Oestrogens refer to a class of molecules that have oestrogen-like activity in the body. Many molecules are oestrogens, but the principal oestrogens in a woman are estradiol, estrone, and estriol, but each with a different degree of effectiveness in different tissues.

Estradiol is the most potent of the oestrogens produced by the ovary. A very small amount circulating in the blood can cause potent changes in oestrogen-responsive tissues. Estrone is a metabolite of estradiol and is considerably less potent. Estriol is a further metabolite of estradiol and is quite weak.

Estradiol, estrone, estriol, and all of their metabolites are bio-identical hormones found naturally in the body. Bio-identical hormones are defined as compounds that have exactly the same chemical and molecular structure as hormones that are produced in the human body.

In contrast, the most commonly prescribed oestrogens formulation for hormone replacement therapy is a mixture of estradiol, estrone, and 10 or more horse oestrogens that are exogenous to humans. Some of these hormones are very potent oestrogens, even more so than estradiol. Unfortunately, there are no readily available tests for monitoring the levels of these foreign hormones.

Menopause & Aging

The decline of oestrogens and progesterone is not gradual like other hormones.

As a woman enters her mid-thirties, her reproductive capacity starts to decline, with a decrease of oestrogens and progesterone production.

When she reaches 40 - 45, the oestrogens levels can swing from very high to very low. This can result in alternating sensations of enlarged and tender breasts with bloating and irritability when oestrogens are dominant; and hot flushes, confused thinking or lack of concentration, memory difficulties and vaginal dryness when the oestrogens level plummets. There may be time with no bleeding, followed by heavy bleeding accompanied by severe cramps. This is referred to as peri-menopause.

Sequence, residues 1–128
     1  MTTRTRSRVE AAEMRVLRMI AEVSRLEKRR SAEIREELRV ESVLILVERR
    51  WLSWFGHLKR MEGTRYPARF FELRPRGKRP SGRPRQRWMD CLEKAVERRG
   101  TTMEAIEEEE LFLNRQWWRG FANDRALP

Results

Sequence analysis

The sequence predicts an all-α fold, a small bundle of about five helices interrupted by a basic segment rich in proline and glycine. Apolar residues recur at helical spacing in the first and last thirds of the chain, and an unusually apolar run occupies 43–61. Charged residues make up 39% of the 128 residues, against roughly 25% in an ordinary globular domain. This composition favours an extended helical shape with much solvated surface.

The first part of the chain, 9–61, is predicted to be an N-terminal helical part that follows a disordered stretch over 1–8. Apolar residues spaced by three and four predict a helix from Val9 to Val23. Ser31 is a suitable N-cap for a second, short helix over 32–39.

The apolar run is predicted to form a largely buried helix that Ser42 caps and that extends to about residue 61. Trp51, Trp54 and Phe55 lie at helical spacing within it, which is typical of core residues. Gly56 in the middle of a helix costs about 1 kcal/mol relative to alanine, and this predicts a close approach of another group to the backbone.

5 - 10 years later the menopause finally arrives, the production of oestrogens and progesterone by the ovaries stops completely and results in permanently low levels, which can be measured by blood tests. Replacement of oestrogens and progesterone is a common and effective treatment for symptoms associated with menopause.

Potential Benefits of Replacement

The low oestrogens levels can cause a lot of undesirable effects on the body:

  • Hot flushes
  • Vaginal dryness
  • Decreased libido
  • Dry skin & loss of skin elasticity
  • Shrinking breasts
  • Decreased mood and energy
  • Difficulty concentrating and memory problems
  • Cardiovascular diseases
  • Accelerated bone losses
  • Osteoporosis and fracture
  • Diabetes
  • High blood pressure
  • Strokes
  • Alzheimer's disease.

Hormone replacement therapy (HRT), particularly with the bio-identical hormones, may reverse many of these problems and risks.

Treatment Options

  • The majority of women take their HRT in pill form by mouth. While very convenient, a large amount of oestrogens goes through the intestines and then hits the liver within a short period, which is different from the gradual release of oestrogens from the ovaries. This changes the metabolism of the liver and results in a number of deleterious effects:
    Increase in clotting factors, hence the possible side effect of causing an increase in blood clots in the leg veins.
  • Increase in sex hormone binding globulin (SHBG), which binds more testosterone and results in symptoms of low testosterone - decreased libido, vaginal dryness, thinner bones, loss of lean muscle and increase in fat.
  • Alcohol intake will dramatically increase the level of oestrogens to as much as 300%, which is even higher than in a normal menstrual cycle. This may be one of the causes of an increased risk of breast cancer with oral HRT.